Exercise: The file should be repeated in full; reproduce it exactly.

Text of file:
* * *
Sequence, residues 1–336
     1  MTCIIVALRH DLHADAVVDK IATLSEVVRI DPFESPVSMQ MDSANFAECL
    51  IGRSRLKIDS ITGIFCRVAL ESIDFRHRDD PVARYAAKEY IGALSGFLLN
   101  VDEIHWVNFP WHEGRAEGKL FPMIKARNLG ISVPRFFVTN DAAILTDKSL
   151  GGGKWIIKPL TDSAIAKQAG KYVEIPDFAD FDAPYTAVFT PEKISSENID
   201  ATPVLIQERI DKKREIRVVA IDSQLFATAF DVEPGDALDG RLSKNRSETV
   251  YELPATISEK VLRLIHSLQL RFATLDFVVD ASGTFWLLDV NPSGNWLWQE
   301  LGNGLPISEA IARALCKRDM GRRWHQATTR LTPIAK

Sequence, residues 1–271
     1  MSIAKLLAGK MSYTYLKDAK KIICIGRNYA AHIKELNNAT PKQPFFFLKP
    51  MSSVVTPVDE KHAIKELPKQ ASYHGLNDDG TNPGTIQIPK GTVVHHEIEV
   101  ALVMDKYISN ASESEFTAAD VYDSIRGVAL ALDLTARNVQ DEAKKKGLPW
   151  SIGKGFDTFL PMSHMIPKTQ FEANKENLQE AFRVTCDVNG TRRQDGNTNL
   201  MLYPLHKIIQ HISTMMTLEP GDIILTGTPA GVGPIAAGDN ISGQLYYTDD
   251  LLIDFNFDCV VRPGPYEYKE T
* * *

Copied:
Sequence, residues 1–336
     1  MTCIIVALRH DLHADAVVDK IATLSEVVRI DPFESPVSMQ MDSANFAECL
    51  IGRSRLKIDS ITGIFCRVAL ESIDFRHRDD PVARYAAKEY IGALSGFLLN
   101  VDEIHWVNFP WHEGRAEGKL FPMIKARNLG ISVPRFFVTN DAAILTDKSL
   151  GGGKWIIKPL TDSAIAKQAG KYVEIPDFAD FDAPYTAVFT PEKISSENID
   201  ATPVLIQERI DKKREIRVVA IDSQLFATAF DVEPGDALDG RLSKNRSETV
   251  YELPATISEK VLRLIHSLQL RFATLDFVVD ASGTFWLLDV NPSGNWLWQE
   301  LGNGLPISEA IARALCKRDM GRRWHQATTR LTPIAK

Sequence, residues 1–271
     1  MSIAKLLAGK MSYTYLKDAK KIICIGRNYA AHIKELNNAT PKQPFFFLKP
    51  MSSVVTPVDE KHAIKELPKQ ASYHGLNDDG TNPGTIQIPK GTVVHHEIEV
   101  ALVMDKYISN ASESEFTAAD VYDSIRGVAL ALDLTARNVQ DEAKKKGLPW
   151  SIGKGFDTFL PMSHMIPKTQ FEANKENLQE AFRVTCDVNG TRRQDGNTNL
   201  MLYPLHKIIQ HISTMMTLEP GDIILTGTPA GVGPIAAGDN ISGQLYYTDD
   251  LLIDFNFDCV VRPGPYEYKE T